Chinese love buying houses and cars, China became the hottest real estate market in the world over the past few years and it is no secret that China is the worldâ€™s largest auto market. But what if both were combined?
RV and motorhomes are picking up in the Middle Kingdom, Chinese consumers are combining the best of their addictions at a rapid pace. Chinese consumers are beginning to see the appeal of a car that is also their home, a perfect getaway vehicle to get away from the hustle and bustle of Chinaâ€™s major urban centers that despite their size, give a claustrophobic feel.
Chinaâ€™s RV industry is at the starting point, feet have just left the brakes but it is in a fully fledged sprint towards an imagined finish line of RVâ€™s becoming a common site. In 2001 just 1 single RV was sold in China, by 2010 900 units were sold with about 4500 units on the road since then. Sales for 2012 are expected to be around 1500 units with total units expected to breach 6000.
America on the other hand has around 8.9 million RVâ€™s on the road and 16,500 official places to park up, Korea has around 10,000 RVâ€™s and 100 official camp sites, but Japan is the Asian RV king with around 78,000 RVâ€™s and 1350 places to camp. China has roughly 100 places with more being added at a rapid place.
Great Wall was one of the first companies to understand the potential behind the domestic RV market, it bolted a basic camper to the back of its then flagship Wingle vehicle in 2007, since then the company has improved its product range and seen many around 30 domestic competitors join the market with self developed products, or existing cargo vehicles that have been adopted for RV life. International manufacturers such as Iveco, Unicat, Evergreen, Forest River etc have been eager to enter the Chinese market, there are currently 10 such brands in the Chinese market and more are expected to join in the next few months. Chinese RVâ€™s are not cheap, the Great Wall Wingle 3 RV comes in at 250,000RMB, an IVECO based RV made by Zhong Tian sells for 478,000RMB, an RV based on Nissanâ€™s NV200 from Wuzhou retails for 198,000RMB, even a simple caravan from Beijingâ€™s ZhongTian sells for 138,000RMB. Not cheap.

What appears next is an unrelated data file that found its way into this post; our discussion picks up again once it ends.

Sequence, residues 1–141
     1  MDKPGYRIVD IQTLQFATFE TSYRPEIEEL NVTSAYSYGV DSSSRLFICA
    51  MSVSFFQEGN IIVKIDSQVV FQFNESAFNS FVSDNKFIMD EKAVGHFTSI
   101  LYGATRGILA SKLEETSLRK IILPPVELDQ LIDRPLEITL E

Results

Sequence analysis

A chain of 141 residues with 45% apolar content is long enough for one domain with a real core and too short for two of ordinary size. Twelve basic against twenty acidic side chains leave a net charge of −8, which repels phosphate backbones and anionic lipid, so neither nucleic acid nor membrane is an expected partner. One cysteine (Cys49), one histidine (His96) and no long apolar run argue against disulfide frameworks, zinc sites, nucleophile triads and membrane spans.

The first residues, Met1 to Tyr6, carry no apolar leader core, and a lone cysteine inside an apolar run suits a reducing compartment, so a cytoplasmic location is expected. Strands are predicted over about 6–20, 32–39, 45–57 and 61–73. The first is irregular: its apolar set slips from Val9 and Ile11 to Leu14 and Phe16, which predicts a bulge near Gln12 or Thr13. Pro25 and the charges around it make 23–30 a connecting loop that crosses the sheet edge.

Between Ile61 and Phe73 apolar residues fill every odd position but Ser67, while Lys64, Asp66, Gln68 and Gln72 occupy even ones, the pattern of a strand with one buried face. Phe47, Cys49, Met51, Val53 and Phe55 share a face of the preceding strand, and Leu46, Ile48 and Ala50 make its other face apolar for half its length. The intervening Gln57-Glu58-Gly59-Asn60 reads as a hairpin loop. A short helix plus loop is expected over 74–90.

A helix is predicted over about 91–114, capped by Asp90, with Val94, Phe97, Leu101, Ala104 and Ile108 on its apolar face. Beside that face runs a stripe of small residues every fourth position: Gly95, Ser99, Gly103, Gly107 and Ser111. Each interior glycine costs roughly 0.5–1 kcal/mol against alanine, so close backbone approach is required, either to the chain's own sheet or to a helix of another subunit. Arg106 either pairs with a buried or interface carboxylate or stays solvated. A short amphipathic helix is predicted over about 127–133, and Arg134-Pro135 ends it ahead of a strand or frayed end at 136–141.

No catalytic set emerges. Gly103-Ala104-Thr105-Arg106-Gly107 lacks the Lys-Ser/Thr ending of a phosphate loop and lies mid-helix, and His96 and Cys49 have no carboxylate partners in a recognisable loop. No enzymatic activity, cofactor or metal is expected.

Chinese made RVâ€™s may be a hard sell in the Middle Kingdom, high prices coupled with slightly interesting designs are likely to put off Chinese consumers in the short term. Also those that want to have a small trailer or caravan maybe off put by the Governmentâ€™s requirement that anybody towing anything requires an â€˜A1 or A2â€™ truck driving license, where as the vast majority of car owners opt for C1 or C2 licenses that allow them to drive regular 7 seat or lower passenger cars.